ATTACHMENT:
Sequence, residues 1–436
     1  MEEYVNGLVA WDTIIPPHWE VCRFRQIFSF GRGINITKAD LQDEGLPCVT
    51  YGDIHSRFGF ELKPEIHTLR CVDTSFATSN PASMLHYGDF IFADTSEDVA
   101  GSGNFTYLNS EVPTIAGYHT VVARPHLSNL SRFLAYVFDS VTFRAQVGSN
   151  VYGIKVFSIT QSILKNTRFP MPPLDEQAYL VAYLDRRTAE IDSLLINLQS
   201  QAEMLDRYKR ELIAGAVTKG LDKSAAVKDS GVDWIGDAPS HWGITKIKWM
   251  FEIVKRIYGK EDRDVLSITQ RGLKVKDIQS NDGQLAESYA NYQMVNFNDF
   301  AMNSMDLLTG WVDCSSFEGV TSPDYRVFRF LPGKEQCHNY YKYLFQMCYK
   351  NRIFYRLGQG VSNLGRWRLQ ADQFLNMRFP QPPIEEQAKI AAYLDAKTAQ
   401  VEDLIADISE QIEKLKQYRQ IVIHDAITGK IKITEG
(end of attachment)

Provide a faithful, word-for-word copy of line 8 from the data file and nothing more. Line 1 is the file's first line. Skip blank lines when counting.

   301  AMNSMDLLTG WVDCSSFEGV TSPDYRVFRF LPGKEQCHNY YKYLFQMCYK